Having taken some time to build up from humble beginnings, the Iraqi Directorate of Antiquities was by the time of the second world war a well-established outfit quite capable of organising its own excavations. One of its earliest and most notable achievements was the re-discovery of Eridu, the oldest known Sumerian city, in 1946; here they excavated the patron god Enki’s temple down to its earliest incarnation c. 4000 BC - although unfortunately no tablets came to light. And although in the 1950’s an American team under Harvard professor Thorkild Jacobsen was allowed back to Nippur, where they uncovered two temples dedicated to the patron deities Enlil and Inanna, and 1000 more mainly literary tablet-fragments, since the war years the responsibility for continued excavation in Mesopotamia has rested primarily, although not exclusively, with the Iraqis themselves.
But let us return to the issue of the Sumerian language. Once tablets had been found, for example at Nippur and Uruk, which contained non-Akkadian cuneiform script, the decipherers faced a new challenge. But in some senses they faced an easier task than before. The Akkadians and later Assyrians not only borrowed the Sumerian script, they also treasured its literary inheritance. Not only did this mean that in their edubbas they copied hundreds of Sumerian texts into their own language and script to preserve them - albeit with some political and religious editing over the centuries which we will consider in a subsequent paper - but they also prepared detailed Sumerian-Akkadian dictionaries and lexicons which considerably assisted the Sumerologists in the translation of words and understanding of grammar. Many of these had already been found at Nineveh. Furthermore, the excavations at Nippur yielded numerous lexicons concerned with Sumerian vocabulary and grammar in its own right. This allowed scholars such as Francois Thureau-Dangin, Arno Poebel, A.H. Sayce, R.E. Brunow, and J.D. Prince to complete rudimentary modern Sumerian lexicons at the beginning of this century. However the language is complex, and our understanding of it still leaves much to be desired - again a topic to which we will return in a subsequent paper.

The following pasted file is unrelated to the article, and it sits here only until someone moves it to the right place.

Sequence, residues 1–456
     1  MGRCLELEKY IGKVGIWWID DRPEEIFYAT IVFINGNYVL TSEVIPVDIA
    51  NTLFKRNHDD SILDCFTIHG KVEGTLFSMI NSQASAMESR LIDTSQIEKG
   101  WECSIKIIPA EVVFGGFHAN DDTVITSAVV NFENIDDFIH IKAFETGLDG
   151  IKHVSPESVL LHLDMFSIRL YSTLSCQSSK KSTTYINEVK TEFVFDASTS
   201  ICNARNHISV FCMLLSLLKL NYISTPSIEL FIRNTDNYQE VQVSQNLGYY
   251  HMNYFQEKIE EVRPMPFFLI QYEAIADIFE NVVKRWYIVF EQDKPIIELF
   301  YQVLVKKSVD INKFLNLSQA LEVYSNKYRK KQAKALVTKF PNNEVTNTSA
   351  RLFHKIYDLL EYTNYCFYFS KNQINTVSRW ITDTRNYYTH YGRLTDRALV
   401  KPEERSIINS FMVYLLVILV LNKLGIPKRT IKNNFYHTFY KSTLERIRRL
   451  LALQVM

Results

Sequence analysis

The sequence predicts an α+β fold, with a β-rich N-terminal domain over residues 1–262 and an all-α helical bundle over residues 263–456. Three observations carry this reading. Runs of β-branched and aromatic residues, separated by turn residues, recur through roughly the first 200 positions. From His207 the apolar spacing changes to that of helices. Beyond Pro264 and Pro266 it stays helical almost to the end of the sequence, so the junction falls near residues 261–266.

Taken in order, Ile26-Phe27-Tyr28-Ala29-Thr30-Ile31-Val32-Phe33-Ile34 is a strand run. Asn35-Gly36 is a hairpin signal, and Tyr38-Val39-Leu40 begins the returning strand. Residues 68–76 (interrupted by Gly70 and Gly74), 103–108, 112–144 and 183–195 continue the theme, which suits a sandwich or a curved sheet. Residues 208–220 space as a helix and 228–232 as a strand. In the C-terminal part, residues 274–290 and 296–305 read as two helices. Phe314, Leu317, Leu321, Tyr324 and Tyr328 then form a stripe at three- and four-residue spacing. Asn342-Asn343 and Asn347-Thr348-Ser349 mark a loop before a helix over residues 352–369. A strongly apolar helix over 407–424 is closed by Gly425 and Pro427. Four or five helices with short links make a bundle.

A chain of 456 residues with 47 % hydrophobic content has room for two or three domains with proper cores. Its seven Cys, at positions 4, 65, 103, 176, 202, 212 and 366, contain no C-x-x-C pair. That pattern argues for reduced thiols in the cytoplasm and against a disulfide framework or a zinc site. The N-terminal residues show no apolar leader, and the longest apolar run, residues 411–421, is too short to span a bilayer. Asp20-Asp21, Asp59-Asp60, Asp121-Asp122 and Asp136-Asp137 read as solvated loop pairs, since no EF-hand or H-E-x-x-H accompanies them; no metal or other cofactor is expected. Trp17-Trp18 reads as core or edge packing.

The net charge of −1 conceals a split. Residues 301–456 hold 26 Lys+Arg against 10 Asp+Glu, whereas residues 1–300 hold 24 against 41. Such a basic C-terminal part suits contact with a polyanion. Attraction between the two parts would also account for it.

As a result of the profusion of archaeological activity over the last 150 years, hundreds of thousands of fragments of tablets have now been unearthed; indeed some put the estimate as high as half a million. The fact that so many apparently fragile tablets have survived at all, albeit fragmented, is in part due to the unfortunate fate that befell many of the sites in which they were preserved. When the city-states were attacked by enemies they were usually set on fire, which meant that although buildings were destroyed, the clay tablets were fired and better preserved for our archaeologists to find. This wealth of written information is backed up by hundreds of pictorial representations of early events engraved on temple walls, stone stelae, and decorative friezes. Although no doubt some are housed in inaccessible private collections, the majority of the tablets and carvings can be viewed in university and museum collections all around the world - for example in the British Museum, the Louvre Museum in Paris, the Archaeological Museum in Istanbul, the Iraq Museum in Baghdad, the Vorderasiatische Museum in Berlin, the Friedrich-Schiller University of Jena in East Germany, and the Philadelphia University Museum.